Technology is never a good reason for murder, but Matthew Pearl gives one character a compelling, if not crazy reason, for comitting crimes against humanity in the name of technology in his recent book The Technologists. I recently had the benefit of reading an advanced copy of The Technologists by Matthew Pearl. Though it was the first book I’ve read of Pearl’s, I had been really excited to read it. This was partly because it was an advance copy, and partly because, well it was free, and I get giddy over free stuff, because I’m almost always broke. And let’s face it, who doesn’t get excited about free stuff, because aren’t we all broke?
The Technologists was one of the free books I got from goodreads.com. It was actually really cool, because it was an advance copy, the cover wasn’t even the actual design, and I received a large notice notifying me I could not actually post a review until after the release date. Not to worry, Random House, I’m such a procrastinator, I didn’t read the book until January, and I am just now writing a review for it. Sorry, that’s just how much I suck. I do promise to do much better in the future.
But it wasn’t just the cover that I really loved about this book, it was the author as well. I mean, I’m just going to say this as matter of factly as possible: Matthew Pearl knows how to grab a reader. As a writer, (and I can hear my Eng 312 professor now, “you are all writers, but once you get paid to do it, you’re an author”), I know that grabbing the reader is one of the most difficult things to do. You can’t just start the reader off with something bland. They want a reason to start reading, and then they need a reason to continue reading. For example, with The Alchemist, my only reason to continue reading that was that it was quick. In The Technologists, Pearl entices the reader so effortlessly, it must be simply second nature to him. Honestly? I couldn’t put the book down.
I do have to admit, it did start a bit rough for me, simply because there was a bit of science in the beginning, and though I love Mythbusters (who doesn’t? They blow stuff up), science was never one of my favorite subjects. And Pearl does his homework, so there was some science in there (for reals). And it’s not just science he studies, because I read The Dante Club soon after The Technologists, and I can tell you, the man knows how to do his research. But really, that’s how you should define a good storyteller. They should do their research, so they know what they are talking about, and they should possess a keen ability to make you want to continue reading their work, even after you finish it.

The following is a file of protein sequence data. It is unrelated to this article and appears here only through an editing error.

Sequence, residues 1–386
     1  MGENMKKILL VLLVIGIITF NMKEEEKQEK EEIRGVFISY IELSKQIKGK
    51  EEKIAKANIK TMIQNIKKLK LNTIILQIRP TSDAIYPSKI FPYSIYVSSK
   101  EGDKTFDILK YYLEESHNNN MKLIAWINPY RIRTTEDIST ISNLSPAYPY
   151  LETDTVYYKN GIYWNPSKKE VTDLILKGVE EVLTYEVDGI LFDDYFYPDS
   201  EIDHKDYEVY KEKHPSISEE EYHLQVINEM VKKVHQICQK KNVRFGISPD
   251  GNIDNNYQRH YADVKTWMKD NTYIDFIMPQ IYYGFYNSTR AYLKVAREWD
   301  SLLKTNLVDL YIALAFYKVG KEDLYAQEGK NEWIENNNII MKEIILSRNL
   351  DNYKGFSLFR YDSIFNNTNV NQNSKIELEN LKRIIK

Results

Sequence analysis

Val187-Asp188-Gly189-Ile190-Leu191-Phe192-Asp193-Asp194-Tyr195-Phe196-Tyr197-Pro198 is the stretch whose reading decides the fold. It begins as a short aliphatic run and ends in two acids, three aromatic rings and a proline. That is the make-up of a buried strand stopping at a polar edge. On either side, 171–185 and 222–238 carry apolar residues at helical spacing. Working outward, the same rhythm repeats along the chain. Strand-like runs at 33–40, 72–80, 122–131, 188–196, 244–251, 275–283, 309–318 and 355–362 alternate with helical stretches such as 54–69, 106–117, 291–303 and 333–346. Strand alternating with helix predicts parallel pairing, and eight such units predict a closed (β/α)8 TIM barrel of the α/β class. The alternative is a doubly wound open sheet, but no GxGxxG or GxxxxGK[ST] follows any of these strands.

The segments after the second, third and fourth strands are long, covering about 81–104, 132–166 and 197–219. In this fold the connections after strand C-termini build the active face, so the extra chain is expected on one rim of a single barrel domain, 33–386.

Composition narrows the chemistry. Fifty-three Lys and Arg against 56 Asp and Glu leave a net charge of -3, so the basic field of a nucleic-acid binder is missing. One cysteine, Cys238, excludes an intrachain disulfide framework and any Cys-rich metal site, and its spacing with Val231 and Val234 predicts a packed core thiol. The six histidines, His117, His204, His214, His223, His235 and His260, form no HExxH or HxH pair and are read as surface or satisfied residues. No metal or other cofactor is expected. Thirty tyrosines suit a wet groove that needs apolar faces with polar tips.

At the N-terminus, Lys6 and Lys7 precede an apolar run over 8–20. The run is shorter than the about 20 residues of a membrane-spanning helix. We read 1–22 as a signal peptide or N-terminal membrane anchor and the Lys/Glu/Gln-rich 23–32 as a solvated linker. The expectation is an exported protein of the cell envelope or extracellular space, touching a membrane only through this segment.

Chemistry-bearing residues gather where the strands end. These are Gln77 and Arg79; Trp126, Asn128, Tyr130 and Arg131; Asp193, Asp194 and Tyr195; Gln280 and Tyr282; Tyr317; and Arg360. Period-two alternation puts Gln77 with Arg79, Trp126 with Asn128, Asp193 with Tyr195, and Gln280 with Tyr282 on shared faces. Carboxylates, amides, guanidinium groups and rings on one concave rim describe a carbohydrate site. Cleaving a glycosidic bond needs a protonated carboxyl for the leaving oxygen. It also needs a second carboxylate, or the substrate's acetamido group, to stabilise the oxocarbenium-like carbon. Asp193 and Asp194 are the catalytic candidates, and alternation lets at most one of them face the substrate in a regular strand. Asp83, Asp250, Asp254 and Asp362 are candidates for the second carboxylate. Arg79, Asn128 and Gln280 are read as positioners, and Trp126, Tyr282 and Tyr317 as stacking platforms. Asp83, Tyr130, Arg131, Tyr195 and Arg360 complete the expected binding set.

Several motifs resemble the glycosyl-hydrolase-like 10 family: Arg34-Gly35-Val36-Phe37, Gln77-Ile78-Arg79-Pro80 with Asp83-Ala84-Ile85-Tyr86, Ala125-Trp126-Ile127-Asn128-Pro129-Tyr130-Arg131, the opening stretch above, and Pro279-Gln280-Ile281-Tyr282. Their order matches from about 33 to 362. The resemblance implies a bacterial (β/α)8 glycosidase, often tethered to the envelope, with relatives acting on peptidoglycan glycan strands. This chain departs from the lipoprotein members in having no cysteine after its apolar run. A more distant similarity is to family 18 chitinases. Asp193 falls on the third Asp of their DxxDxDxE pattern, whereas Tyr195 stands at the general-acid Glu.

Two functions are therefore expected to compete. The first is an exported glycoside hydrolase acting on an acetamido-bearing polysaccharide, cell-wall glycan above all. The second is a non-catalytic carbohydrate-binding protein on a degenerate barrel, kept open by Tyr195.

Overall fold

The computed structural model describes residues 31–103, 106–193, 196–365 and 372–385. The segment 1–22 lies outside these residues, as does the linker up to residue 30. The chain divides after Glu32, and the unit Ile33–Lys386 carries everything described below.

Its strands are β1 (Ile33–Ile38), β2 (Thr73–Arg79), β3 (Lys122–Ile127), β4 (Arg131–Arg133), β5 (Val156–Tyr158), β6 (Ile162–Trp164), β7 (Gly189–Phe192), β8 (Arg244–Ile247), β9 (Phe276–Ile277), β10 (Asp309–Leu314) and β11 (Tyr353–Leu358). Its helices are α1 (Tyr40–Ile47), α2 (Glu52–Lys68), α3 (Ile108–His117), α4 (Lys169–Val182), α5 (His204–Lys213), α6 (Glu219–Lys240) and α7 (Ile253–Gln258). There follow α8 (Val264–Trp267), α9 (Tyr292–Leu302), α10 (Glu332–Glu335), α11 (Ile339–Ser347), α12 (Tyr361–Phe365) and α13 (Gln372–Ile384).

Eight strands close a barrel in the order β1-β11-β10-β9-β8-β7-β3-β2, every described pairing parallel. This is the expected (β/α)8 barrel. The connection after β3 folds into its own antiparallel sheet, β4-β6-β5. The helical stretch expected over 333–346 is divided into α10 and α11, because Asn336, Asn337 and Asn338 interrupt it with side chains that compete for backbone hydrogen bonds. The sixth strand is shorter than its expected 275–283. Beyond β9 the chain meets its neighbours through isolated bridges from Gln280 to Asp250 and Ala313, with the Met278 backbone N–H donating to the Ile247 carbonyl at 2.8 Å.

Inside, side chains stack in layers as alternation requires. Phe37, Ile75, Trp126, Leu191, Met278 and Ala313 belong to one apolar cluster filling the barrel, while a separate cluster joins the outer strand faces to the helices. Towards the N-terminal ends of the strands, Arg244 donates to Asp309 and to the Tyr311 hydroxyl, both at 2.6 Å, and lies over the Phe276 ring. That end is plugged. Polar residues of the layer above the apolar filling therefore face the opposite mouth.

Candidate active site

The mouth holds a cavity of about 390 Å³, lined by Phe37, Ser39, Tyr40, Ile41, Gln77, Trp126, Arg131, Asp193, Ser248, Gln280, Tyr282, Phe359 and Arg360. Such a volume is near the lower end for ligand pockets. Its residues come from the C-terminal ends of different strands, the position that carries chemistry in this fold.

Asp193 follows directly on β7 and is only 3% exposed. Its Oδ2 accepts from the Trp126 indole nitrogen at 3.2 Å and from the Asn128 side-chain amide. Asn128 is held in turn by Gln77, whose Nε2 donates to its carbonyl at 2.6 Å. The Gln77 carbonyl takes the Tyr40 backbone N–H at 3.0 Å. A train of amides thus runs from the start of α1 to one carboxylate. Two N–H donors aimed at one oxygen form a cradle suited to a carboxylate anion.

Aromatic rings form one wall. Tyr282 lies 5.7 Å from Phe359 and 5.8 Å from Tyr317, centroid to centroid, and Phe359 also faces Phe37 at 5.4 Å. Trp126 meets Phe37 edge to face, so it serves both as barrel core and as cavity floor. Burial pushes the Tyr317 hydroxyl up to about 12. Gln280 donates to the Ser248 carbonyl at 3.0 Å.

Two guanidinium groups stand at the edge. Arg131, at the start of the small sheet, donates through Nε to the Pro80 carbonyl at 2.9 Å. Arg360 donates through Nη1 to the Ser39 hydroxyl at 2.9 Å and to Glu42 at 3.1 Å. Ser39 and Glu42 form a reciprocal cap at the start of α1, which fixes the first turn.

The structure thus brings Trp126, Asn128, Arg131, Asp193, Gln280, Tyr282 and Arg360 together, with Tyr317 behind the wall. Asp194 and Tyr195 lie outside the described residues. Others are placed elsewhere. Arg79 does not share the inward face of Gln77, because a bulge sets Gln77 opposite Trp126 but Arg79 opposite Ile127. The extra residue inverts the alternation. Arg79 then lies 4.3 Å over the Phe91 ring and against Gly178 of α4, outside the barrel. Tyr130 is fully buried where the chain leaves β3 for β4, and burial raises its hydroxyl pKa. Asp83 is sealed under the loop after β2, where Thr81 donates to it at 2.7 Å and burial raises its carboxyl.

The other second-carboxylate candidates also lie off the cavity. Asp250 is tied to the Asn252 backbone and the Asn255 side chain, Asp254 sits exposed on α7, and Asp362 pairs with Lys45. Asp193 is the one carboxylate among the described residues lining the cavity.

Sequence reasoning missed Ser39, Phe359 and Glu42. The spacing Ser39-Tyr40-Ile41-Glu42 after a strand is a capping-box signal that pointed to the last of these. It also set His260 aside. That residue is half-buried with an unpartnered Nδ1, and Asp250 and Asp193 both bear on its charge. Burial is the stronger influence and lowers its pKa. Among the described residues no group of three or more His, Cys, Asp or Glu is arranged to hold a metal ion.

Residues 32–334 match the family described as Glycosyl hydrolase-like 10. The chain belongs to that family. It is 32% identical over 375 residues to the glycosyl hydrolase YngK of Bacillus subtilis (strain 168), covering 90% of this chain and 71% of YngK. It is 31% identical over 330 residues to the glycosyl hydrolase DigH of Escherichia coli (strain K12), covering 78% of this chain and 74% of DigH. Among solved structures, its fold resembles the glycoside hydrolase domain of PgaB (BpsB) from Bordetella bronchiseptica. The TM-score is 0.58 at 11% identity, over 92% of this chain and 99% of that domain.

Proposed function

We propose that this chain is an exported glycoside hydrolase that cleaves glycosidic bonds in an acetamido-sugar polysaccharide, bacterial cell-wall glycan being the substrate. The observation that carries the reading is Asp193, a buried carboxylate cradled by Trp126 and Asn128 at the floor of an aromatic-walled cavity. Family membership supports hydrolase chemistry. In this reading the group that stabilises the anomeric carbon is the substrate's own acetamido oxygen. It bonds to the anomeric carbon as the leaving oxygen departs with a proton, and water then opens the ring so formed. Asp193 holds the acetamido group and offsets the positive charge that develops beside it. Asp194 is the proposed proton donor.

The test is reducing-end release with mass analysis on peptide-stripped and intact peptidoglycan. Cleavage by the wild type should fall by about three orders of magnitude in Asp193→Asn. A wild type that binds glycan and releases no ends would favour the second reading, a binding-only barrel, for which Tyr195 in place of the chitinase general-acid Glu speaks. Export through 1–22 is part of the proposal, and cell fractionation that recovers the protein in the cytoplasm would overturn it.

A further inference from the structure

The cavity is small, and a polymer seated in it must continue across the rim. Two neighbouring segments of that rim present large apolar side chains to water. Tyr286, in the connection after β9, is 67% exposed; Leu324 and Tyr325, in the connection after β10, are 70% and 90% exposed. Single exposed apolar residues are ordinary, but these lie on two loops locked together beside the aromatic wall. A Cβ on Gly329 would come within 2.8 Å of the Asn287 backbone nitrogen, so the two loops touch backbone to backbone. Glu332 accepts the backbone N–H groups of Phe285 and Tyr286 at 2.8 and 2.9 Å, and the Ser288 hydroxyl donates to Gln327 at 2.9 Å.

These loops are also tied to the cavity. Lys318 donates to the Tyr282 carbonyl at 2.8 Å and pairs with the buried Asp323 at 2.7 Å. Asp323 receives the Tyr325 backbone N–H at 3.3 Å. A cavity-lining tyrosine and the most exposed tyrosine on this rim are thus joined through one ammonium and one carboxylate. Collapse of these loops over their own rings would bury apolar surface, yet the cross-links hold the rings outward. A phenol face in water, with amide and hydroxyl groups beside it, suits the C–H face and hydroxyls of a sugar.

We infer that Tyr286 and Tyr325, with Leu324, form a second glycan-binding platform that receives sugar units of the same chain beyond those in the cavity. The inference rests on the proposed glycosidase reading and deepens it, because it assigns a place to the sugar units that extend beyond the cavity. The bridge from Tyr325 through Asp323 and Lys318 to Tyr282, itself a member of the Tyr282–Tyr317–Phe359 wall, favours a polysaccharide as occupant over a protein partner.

And for the record, though I love Sherlock Holmes, I don’t typically like murder mysteries. So that fact alone should tell you that The Technologists is a must read. It makes a non murder mystery fan, like a murder mystery book. I will admit, it’s not your typical murder mystery and that it doesn’t really fit the Dan Patterson profile. And technically, it can’t be classified a murder mystery. There really isn’t a murder in this book. Some people die, but the intention wasn’t murder, it was chaos. And I guess I should actually talk about the plot some, huh?
The Technologists’main plot is that there are these ‘accidents’ happening all around Boston. And, unfortunately for them, the kids over at MIT are being blamed for them. Now of course, these ‘kids’ (though I use the term loosely, as some of them had already fought in a war), won’t take this sitting down. They fight these allegations especially hard, since they could lose their school over it. And it’s a shame, really, that they get blamed for these accidents, because on top of all that, they have to suffer the pious and their disdain of the school’s Darwinist principles, and the obnoxious snobbery from the Harvard students.
One would think that the answer to who the culprit is would be clear cut, but there are definitely a few twists to this book. One, for example, is the budding romance that develops. It was especially surprising because it revolved around nerds. I mean, no offence. Afterall, I am one, but one never expects them to get any in a book. Who wants to read about fingers touching over beakers? Okay, that didn’t actually happen, and I may have actually died if it did.
Would I recommend this book in general? Yes, definitely. I thought it was a really quick, fun and intelligent read. Like I said I could barely put the book down. And when I did, it was to look up something (pertaining to the plot) on Wikipedia. I mean, this book not only keeps you enveloped in the mystery but also makes you want to learn! Where else can you find that?